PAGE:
Two major positive developments in Massachusetts health policy yesterday:
First, the legislature approved a supplemental appropriations bill (pdf) that includes $20 million in funds for the Commonwealth Care Bridge program. Without the funds, coverage would have ended on January 31. These funds should be sufficient to allow the program to operate through June, the end of the fiscal year.
The Bridge program covers around 22,000 legal immigrants who were cut off the regular Commonwealth Care program a year ago. The program has fewer benefits and higher copays than Commonwealth Care, as well as a more limited network of providers under the CeltiCare Health Plan. The Supreme Judicial Court is currently considering a lawsuit brought by HCFA-affiliate Health Law Advocates challenging the constitutionality of providing fewer benefits to some legal immigrants on the basis of their immigration status.
The supplemental appropriations bill also includes $258 million in additional MassHealth funds, including almost $50 million for the Children’s Behavioral Health Initiative. This funding will allow the state to access an additional $157 million in federal reimbursements, which will support our economy and reduce the burden on the state budget. A number of public health programs also received additional funds, including $2.5 million for early intervention services for children with developmental delays or disabilities, and funds for domestic violence and sexual assault prevention, substance abuse, and suicide prevention.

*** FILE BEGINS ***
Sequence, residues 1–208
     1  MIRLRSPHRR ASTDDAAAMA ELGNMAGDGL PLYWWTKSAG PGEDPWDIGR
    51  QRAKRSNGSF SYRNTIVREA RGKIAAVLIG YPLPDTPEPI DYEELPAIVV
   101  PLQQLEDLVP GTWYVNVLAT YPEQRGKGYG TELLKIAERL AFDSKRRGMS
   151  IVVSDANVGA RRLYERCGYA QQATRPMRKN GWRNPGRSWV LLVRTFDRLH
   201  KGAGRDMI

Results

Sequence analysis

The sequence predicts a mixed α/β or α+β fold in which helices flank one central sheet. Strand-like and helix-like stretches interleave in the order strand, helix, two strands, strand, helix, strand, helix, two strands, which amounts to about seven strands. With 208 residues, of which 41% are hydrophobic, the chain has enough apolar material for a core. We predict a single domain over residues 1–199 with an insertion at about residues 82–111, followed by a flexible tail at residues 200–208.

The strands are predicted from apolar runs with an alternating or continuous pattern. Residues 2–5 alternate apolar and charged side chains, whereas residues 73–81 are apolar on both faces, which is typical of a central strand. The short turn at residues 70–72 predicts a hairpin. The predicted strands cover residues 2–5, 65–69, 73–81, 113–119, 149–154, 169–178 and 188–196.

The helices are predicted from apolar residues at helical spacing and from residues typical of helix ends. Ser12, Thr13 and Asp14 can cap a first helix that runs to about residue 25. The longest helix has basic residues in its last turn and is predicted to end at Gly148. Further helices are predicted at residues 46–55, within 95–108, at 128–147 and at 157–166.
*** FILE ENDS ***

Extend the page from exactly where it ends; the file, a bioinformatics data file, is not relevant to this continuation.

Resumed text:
Second, the Rate Review Board that is charged with setting the employer assessment that funds the Medical Security Program (MSP) met yesterday and agreed to increase the annual assessment by $16.80 per employee. The MSP statute requires the assessment to be increased whenever the current rate is determined to be inadequate to fund the program. The program anticipates a $95 million deficit, forcing the assessment increase.
The MSP program provides a lifeline to low-income workers who lose their job through no fault of their own and are on unemployment insurance. The deep recession has dramatically increased the number of people covered under the program:
The assessment was originally set at $16.80 per worker annually in 1988, and was never increased for 20 years, until it was raised last year to $33.60. The increase to $50.40 approved yesterday means the assessment is still below what it would be had it kept up with the medical inflation since 1988 (which would equal around $56.41 in 2010). The fund also received a $30 million appropriation last year, and drastic cuts were made to the program’s benefits. Much of the funding problem stems from the fact that almost $200 million was diverted from the fund in 2001 and 2003.
We are very grateful that the Administration and legislature acted to keep the Bridge and MSP programs operating. Both programs are in need of overhaul, and the advent of national reform through the Affordable Care Act in 2014 will allow for changes in both of these programs. For those who depend on the critical health benefits these program provide, New Year’s 2011 just got a bit happier.